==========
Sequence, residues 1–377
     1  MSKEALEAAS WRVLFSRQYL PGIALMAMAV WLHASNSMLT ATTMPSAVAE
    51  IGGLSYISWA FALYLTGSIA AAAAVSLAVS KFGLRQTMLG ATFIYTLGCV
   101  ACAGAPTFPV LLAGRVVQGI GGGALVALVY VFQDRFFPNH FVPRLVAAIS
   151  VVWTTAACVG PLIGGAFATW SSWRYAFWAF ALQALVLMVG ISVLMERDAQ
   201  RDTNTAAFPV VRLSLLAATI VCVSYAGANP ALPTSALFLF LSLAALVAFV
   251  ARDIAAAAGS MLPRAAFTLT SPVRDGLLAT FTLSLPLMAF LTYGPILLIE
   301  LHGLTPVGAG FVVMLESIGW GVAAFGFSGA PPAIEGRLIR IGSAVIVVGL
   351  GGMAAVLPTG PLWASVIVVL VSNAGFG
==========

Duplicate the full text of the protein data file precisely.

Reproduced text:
Sequence, residues 1–377
     1  MSKEALEAAS WRVLFSRQYL PGIALMAMAV WLHASNSMLT ATTMPSAVAE
    51  IGGLSYISWA FALYLTGSIA AAAAVSLAVS KFGLRQTMLG ATFIYTLGCV
   101  ACAGAPTFPV LLAGRVVQGI GGGALVALVY VFQDRFFPNH FVPRLVAAIS
   151  VVWTTAACVG PLIGGAFATW SSWRYAFWAF ALQALVLMVG ISVLMERDAQ
   201  RDTNTAAFPV VRLSLLAATI VCVSYAGANP ALPTSALFLF LSLAALVAFV
   251  ARDIAAAAGS MLPRAAFTLT SPVRDGLLAT FTLSLPLMAF LTYGPILLIE
   301  LHGLTPVGAG FVVMLESIGW GVAAFGFSGA PPAIEGRLIR IGSAVIVVGL
   351  GGMAAVLPTG PLWASVIVVL VSNAGFG